Prenatal Alcohol Exposure and Cellular Differentiation A Role for Polycomb and Trithorax Group Proteins in MS Phenotypes?

Department of Veterinary Physiology and Pharmacology, College of Veterinary Medicine and Biomedical Sciences, Texas A&M University, College Station, Texas, USA.
Alcohol research : current reviews 12/2013; 35(1):77-85.
Source: PubMed


Exposure to alcohol significantly alters the developmental trajectory of progenitor cells and fundamentally compromises tissue formation (i.e., histogenesis). Emerging research suggests that ethanol can impair mammalian development by interfering with the execution of molecular programs governing differentiation. For example, ethanol exposure disrupts cellular migration, changes cell-cell interactions, and alters growth factor signaling pathways. Additionally, ethanol can alter epigenetic mechanisms controlling gene expression. Normally, lineage-specific regulatory factors (i.e., transcription factors) establish the transcriptional networks of each new cell type; the cell's identity then is maintained through epigenetic alterations in the way in which the DNA encoding each gene becomes packaged within the chromatin. Ethanol exposure can induce epigenetic changes that do not induce genetic mutations but nonetheless alter the course of fetal development and result in a large array of patterning defects. Two crucial enzyme complexes--the Polycomb and Trithorax proteins--are central to the epigenetic programs controlling the intricate balance between self-renewal and the execution of cellular differentiation, with diametrically opposed functions. Prenatal ethanol exposure may disrupt the functions of these two enzyme complexes, altering a crucial aspect of mammalian differentiation. Characterizing the involvement of Polycomb and Trithorax group complexes in the etiology of fetal alcohol spectrum disorders will undoubtedly enhance understanding of the role that epigenetic programming plays in this complex disorder.

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Available from: Kylee J Veazey, Jun 16, 2015
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    • "For the above reasons, we and others use avian embryos to study the etiology of ethanol-induced CHDs. The etiology of FAS and FASD has been the focus of much study, especially the cellular and molecular mechanisms (e.g., reviewed in Cole et al., 2012; Ungerer et al., 2013; Veazey et al., 2013). Ethanol exposure at gastrulation has been shown to alter the expression of critical proteins (e.g., transcription factors) within the avian cardiac mesoderm at stage 9, before the heart begins to function (Serrano et al., 2010). "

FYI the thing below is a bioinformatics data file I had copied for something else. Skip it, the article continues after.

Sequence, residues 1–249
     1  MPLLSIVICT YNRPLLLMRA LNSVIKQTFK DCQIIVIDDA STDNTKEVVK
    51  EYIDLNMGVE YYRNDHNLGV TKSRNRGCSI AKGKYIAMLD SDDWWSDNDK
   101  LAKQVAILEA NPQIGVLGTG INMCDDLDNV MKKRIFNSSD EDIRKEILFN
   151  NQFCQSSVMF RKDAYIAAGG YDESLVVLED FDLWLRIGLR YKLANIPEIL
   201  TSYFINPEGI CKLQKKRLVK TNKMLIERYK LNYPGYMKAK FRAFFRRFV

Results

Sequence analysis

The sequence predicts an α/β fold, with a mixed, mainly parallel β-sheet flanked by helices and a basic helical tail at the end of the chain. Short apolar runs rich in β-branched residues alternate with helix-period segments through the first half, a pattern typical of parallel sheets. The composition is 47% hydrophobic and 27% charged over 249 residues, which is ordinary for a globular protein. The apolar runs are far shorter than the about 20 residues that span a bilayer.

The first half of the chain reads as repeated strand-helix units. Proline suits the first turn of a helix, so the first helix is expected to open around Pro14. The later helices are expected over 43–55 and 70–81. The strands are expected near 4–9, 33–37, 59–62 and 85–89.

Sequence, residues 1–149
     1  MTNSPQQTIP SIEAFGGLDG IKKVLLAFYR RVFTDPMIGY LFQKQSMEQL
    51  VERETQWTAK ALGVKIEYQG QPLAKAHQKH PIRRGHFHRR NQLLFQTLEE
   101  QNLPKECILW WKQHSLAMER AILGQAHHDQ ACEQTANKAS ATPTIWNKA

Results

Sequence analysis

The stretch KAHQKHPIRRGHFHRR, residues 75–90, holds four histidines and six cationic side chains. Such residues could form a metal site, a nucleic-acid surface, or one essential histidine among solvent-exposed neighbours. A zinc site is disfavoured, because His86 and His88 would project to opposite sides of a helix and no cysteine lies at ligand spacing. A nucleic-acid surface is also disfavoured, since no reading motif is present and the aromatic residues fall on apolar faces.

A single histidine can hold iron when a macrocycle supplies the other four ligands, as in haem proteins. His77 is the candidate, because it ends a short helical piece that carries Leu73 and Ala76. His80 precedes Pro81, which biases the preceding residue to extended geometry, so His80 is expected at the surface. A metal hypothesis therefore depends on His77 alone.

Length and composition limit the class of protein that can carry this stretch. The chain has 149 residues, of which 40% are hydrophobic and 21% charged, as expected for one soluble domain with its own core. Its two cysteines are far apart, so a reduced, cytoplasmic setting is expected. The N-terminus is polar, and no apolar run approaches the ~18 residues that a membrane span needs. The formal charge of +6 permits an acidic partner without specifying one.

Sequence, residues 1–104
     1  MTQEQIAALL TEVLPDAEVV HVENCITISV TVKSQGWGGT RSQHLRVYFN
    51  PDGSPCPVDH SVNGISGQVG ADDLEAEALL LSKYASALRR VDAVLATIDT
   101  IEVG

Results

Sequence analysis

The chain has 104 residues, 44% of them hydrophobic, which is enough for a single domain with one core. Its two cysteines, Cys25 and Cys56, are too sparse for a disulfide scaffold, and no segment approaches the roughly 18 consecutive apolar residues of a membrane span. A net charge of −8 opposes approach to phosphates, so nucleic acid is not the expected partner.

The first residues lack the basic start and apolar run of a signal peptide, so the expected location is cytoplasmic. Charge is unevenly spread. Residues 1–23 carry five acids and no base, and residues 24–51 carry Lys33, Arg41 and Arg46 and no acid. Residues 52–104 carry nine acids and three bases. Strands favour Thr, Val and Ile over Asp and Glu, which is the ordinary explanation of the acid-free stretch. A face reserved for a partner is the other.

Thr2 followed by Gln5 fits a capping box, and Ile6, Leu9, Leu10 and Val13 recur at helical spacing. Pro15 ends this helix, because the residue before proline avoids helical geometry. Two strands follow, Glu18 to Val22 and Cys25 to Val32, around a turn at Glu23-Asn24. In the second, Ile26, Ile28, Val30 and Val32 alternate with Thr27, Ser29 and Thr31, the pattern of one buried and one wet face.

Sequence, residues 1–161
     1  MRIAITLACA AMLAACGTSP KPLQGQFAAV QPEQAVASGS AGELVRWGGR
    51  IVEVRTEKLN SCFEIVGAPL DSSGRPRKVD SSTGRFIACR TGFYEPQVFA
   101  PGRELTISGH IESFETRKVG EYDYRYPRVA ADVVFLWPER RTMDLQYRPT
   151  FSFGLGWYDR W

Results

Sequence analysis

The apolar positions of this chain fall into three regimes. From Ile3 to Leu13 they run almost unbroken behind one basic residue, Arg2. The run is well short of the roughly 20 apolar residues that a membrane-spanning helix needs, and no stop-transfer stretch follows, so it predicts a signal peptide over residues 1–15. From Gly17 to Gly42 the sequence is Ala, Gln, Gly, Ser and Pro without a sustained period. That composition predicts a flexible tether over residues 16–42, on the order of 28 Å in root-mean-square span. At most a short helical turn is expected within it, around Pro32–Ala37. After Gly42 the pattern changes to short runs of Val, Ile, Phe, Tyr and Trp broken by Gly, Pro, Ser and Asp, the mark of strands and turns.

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    ABSTRACT: Disturbed cardiac function at an early stage of development has been shown to correlate with cellular/molecular, structural as well as functional cardiac anomalies at later stages culminating in the congenital heart defects (CHDs) that present at birth. While our knowledge of cellular and molecular steps in cardiac development is growing rapidly, our understanding of the role of cardiovascular function in the embryo is still in an early phase. One reason for the scanty information in this area is that the tools to study early cardiac function are limited. Recently developed and adapted biophotonic tools may overcome some of the challenges of studying the tiny fragile beating heart. In this chapter, we describe and discuss our experience in developing and implementing biophotonic tools to study the role of function in heart development with emphasis on optical coherence tomography (OCT). OCT can be used for detailed structural and functional studies of the tubular and looping embryo heart under physiological conditions. The same heart can be rapidly and quantitatively phenotyped at early and again at later stages using OCT. When combined with other tools such as optical mapping (OM) and optical pacing (OP), OCT has the potential to reveal in spatial and temporal detail the biophysical changes that can impact mechanotransduction pathways. This information may provide better explanations for the etiology of the CHDs when interwoven with our understanding of morphogenesis and the molecular pathways that have been described to be involved. Future directions for advances in the creation and use of biophotonic tools are discussed.
    Full-text · Article · Sep 2014 · Frontiers in Physiology
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    • "This model suggested combined genetic and environmental inhibition of PI3K/mTOR signaling for variability within FASD. Furthermore, Veazey et al., (2013) reported that exposure to alcohol alters the developmental trajectory of progenitor cells and compromises histogenesis. Thus ethanol can impair development by interfering with the molecular events regulating differentiation, whereas MTs regulate zincmediated transcriptional activation of genes involved in growth, proliferation, and differentiation (Sharma et al., 2013; Sharma and Ebadi 2014). "

    Full-text · Chapter · May 2014